Rita Letendre "Asor", ed. 12/25
18" x 24"
Rita Letendre registered at the École des beaux-arts de Montréal in 1948. She remained at the school for a year and a half and recalls that her departure was precipitated by one of her teachers who saw no point in her seeing an exhibition of the work by embers of the Automatistes. Letendre became one of the second-wave of Montreal artists who emerged after the Automatistes in the early 1950s. She began to visit New York City, and the resulting work shows an increase in the gestural quality of her paintings. From 1962, Letendre spent almost two years in Paris, Rome, and Israel.
They reflect a movement away from the organic forms that she had been using to the more hard-edged geometric forms that she would become known for in the 1970s. She became interested in working with the wedge shape and a flat paint technique while she was doing a large outdoor mural for the University of California; the impasto that she had been using up to the time, made little sense on a grand scale. It is interesting to note that after a number of years of working with geometrical abstraction, Letendre would return to the expressionist forms for which she first became known. Pastel would lead her back to oil paint and the directness of the medium that she was no longer feeling with the airbrush technique. Her latest work, now fifty years after her initial foray into abstraction, are broad, expensive expressions of light and color. Letendre is a tour de force in Canadian painting.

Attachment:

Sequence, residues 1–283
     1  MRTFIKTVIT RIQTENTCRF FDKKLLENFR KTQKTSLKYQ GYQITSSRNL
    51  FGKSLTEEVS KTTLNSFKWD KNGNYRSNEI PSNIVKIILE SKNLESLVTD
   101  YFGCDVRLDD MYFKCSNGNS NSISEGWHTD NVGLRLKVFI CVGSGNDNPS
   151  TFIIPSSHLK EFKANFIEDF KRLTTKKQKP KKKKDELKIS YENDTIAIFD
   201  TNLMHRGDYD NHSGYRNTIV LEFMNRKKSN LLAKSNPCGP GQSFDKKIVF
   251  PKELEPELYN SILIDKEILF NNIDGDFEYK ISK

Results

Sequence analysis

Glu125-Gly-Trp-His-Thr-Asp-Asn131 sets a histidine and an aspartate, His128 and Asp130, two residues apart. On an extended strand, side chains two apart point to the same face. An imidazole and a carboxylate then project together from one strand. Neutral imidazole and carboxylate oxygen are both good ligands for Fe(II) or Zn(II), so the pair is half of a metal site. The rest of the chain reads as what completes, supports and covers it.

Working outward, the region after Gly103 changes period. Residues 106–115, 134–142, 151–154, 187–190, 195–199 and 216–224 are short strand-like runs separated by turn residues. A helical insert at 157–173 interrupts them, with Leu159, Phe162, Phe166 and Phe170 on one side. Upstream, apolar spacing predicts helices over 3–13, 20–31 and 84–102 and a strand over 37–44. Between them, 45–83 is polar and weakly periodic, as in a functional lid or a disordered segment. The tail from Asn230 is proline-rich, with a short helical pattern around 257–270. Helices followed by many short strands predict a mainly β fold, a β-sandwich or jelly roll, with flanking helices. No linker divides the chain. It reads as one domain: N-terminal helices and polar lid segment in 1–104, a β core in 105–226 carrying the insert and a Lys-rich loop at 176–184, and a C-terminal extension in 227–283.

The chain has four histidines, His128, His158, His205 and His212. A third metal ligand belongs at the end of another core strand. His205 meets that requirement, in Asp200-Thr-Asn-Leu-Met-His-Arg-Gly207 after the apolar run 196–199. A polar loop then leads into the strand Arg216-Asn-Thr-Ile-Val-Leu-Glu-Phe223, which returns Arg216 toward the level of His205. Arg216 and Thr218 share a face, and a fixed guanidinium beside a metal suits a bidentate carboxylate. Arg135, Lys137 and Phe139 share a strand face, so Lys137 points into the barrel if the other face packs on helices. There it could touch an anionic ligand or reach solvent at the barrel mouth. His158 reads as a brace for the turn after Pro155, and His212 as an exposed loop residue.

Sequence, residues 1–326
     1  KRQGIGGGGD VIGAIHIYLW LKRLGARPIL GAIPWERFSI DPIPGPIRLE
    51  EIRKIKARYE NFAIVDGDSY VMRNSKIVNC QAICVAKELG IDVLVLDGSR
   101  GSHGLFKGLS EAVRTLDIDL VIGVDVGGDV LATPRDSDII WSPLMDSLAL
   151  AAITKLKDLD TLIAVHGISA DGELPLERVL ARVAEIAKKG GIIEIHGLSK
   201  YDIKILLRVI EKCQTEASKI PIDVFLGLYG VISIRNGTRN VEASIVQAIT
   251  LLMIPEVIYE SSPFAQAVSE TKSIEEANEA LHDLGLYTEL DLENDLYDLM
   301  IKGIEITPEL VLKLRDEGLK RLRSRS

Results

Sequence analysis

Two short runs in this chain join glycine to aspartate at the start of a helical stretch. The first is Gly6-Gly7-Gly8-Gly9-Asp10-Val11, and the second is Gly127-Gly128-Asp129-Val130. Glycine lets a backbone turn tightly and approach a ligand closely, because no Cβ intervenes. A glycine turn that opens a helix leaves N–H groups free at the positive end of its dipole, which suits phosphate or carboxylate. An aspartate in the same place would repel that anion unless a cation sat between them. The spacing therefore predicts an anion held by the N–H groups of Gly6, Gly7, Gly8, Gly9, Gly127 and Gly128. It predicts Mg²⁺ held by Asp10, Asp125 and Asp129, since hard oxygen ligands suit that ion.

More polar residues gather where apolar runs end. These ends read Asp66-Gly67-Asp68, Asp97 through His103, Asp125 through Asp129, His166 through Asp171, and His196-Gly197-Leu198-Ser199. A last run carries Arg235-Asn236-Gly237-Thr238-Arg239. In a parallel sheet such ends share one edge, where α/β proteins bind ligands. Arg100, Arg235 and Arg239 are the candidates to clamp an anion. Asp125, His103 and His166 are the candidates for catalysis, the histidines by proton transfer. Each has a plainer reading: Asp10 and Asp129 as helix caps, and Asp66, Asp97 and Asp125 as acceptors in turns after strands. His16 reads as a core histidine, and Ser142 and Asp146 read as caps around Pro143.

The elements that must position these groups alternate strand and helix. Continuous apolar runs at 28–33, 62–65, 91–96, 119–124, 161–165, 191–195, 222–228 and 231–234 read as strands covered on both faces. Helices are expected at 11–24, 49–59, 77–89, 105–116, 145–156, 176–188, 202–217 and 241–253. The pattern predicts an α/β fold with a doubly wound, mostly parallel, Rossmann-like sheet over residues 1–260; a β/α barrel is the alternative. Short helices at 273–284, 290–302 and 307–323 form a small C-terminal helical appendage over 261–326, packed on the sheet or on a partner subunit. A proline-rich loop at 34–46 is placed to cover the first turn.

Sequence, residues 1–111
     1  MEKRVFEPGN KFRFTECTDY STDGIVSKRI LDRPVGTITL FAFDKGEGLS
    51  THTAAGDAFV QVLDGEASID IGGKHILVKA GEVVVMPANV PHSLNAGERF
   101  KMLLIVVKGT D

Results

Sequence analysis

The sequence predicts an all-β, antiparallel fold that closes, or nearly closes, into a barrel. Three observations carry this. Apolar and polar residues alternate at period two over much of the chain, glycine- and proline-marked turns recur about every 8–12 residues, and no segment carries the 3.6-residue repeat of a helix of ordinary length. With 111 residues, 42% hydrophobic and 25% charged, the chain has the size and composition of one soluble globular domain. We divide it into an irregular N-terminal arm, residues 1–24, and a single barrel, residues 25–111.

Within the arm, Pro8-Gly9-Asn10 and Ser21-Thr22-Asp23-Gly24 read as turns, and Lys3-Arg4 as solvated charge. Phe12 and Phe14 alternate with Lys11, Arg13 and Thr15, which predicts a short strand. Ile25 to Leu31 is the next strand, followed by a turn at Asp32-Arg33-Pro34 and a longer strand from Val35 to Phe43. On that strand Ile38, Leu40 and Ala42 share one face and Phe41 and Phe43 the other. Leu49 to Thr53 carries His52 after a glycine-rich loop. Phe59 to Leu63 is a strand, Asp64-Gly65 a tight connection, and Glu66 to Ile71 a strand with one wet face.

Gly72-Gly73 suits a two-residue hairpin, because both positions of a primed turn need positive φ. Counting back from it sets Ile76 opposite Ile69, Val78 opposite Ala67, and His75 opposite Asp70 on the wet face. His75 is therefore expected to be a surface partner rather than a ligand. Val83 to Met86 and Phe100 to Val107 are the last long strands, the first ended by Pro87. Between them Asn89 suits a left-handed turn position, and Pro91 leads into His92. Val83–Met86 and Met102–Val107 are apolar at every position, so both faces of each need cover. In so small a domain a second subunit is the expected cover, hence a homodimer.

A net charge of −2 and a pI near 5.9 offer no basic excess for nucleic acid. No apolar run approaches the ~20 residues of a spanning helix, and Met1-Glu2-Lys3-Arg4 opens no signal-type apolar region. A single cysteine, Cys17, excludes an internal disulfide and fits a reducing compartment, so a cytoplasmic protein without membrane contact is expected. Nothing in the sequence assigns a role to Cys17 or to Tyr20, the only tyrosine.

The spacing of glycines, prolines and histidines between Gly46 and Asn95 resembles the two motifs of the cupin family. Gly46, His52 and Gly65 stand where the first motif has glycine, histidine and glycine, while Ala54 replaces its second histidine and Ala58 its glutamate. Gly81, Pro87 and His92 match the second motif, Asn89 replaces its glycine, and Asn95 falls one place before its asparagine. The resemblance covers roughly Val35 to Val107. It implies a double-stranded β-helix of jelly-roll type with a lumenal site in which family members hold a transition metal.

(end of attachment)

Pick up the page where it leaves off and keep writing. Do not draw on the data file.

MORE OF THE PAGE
Her early abstract work from the mid-1950s period were grids of color moving across the paper. The tiles of color are applied in short gestural paint strokes. In these works, Letendre seems to reject the spontaneous visual record found in work by the Automatistes for the more organized and controlled composition of the grid. The steps that led from the figurative work that she was doing at the École des beaux-arts next led to bold abstractions more expressionist in nature.
In New York, her works demonstrate Letendre’s move to working with a palette knife and spatula. As the years progressed, so too did the expressive nature of Letendre’s paintings.
In the 1970s, Letendre was particularly interested in the conflict created by the large masses within the confines of the composition; she saw them as “prisoners struggling to free themselves”. The wedge shapes are an obvious precursor to Letendre’s vibrating narrow lines that would culminate in points.